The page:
Monday, March 31, 2008

The Tyranny of Car Options

U.S. car companies go back to black
| Business
| Reuters
: "Ford's chief of marketing, Jim Farley, who was hired away from Toyota Motor Co (7203.T: Quote, Profile, Research) last year, said he was stunned to find that Ford was offering 100,000 combinations of options on its entry-level Focus sedan. Some 80 percent of Ford's sales came from just 4,000 of those combinations, he said.

In response, Ford has cut complexity by reducing the number of 'buildable combinations' of the 2008 Focus by 99 percent. On the 2008 Expedition, it has cut combinations by 95 percent."

Years ago when my wife's dad still worked at Ford he was frustrated by the fact they didn't really know how much it had cost to produce and market a car when it was driven off the lot by a customer.

When we were looking at new cars it was also frustrating to ask the dealer about the availability of a car with all the extra safety options and they would have to call all over the state to find out if they had it and then find out they didn't have one in the entire state, but there was one that had all but one of the extra safety options and another with all but two. We were astonished, why would they do that? For entertainment options we could see going al a-carte but extra safety options you would think would be all or nothing, either you wanted them all or not.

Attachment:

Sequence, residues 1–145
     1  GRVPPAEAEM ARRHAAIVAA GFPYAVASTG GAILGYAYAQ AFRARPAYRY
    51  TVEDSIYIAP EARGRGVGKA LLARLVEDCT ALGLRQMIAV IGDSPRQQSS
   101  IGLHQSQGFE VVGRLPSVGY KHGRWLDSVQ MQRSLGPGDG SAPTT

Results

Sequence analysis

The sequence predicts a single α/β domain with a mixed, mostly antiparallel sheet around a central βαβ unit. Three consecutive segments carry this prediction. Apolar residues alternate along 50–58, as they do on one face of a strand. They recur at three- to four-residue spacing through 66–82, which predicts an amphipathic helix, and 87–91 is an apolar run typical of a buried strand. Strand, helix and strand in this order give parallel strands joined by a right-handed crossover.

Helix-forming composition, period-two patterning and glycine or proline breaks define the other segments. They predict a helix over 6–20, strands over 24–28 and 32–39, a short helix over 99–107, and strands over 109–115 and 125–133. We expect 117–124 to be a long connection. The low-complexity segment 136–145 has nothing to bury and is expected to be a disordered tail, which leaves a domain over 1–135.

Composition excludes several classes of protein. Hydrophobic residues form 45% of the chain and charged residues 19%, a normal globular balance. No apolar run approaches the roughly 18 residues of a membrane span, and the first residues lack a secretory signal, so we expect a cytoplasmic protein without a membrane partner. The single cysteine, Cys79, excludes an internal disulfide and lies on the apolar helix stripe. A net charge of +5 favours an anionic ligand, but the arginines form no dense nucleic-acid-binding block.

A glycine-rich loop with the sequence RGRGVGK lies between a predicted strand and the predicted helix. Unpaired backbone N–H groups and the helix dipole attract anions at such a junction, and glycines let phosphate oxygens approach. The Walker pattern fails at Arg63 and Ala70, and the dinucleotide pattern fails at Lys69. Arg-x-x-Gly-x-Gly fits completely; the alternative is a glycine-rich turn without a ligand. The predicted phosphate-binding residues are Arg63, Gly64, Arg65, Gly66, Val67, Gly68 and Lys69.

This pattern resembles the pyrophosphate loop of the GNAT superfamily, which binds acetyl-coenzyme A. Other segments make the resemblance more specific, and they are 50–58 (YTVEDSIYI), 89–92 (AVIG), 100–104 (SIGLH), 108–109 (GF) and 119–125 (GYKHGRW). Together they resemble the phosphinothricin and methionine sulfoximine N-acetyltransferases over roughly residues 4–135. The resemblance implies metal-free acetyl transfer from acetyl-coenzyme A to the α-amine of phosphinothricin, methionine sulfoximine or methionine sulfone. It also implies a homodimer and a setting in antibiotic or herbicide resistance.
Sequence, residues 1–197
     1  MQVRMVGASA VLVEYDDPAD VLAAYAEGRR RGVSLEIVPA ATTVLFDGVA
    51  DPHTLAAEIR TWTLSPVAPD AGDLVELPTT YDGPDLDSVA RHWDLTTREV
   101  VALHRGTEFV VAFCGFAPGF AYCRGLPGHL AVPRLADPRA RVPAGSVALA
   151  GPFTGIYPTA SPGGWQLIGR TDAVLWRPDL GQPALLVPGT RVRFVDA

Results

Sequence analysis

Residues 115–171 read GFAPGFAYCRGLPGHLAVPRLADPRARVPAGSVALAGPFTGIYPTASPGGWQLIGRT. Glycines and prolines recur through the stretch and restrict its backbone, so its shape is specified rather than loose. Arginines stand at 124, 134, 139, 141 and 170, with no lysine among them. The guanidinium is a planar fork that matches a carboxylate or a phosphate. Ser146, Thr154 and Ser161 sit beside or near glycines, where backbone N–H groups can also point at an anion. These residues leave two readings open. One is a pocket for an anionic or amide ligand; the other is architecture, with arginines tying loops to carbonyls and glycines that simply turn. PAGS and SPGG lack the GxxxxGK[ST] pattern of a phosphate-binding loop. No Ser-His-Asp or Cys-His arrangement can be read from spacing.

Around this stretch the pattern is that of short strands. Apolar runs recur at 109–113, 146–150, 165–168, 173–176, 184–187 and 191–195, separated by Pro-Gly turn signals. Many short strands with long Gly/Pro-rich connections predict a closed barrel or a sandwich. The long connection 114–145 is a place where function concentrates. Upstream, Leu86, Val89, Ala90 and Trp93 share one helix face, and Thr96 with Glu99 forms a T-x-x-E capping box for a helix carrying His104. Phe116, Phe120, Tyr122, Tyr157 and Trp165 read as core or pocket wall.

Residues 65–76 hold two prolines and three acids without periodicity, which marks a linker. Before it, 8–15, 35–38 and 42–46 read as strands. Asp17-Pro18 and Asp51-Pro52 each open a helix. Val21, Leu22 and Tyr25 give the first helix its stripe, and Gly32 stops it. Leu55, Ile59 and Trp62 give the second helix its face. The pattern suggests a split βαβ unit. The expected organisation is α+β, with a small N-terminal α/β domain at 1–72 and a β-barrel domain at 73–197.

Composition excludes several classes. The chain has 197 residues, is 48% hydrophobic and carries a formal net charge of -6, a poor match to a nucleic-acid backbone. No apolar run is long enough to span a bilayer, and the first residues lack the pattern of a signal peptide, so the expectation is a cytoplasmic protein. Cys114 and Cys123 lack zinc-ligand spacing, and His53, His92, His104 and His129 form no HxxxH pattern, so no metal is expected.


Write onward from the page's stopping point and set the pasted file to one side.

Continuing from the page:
Dell has built its business on mass customization, you order exactly what you want and they build and ship it to you, fast.

Apple strives for Less is More philosophy, it builds what it believes to be a small set of nearly prefect products. They have 2-3 option packages for each of their product lines.

The car manufactures have chosen the worst possible combination. Mass customization without the ability to order what you want. So they have all the complexity without the customer satisfaction.

It looks like the car manufacturers are choosing the Apple route. Fewer options combined into rational option sets. I think that is a great idea. Most people don't really care all that much about the car they buy, as long as it does what they need and looks good doing it.

It would be great to have the question, "What are you looking for your car to do for you?" be the starting point rather then "How can I help you today?"

That said, with most manufactures going this route, that means that there is an opening for one that goes the Dell route and allows you to order exactly that car you want.

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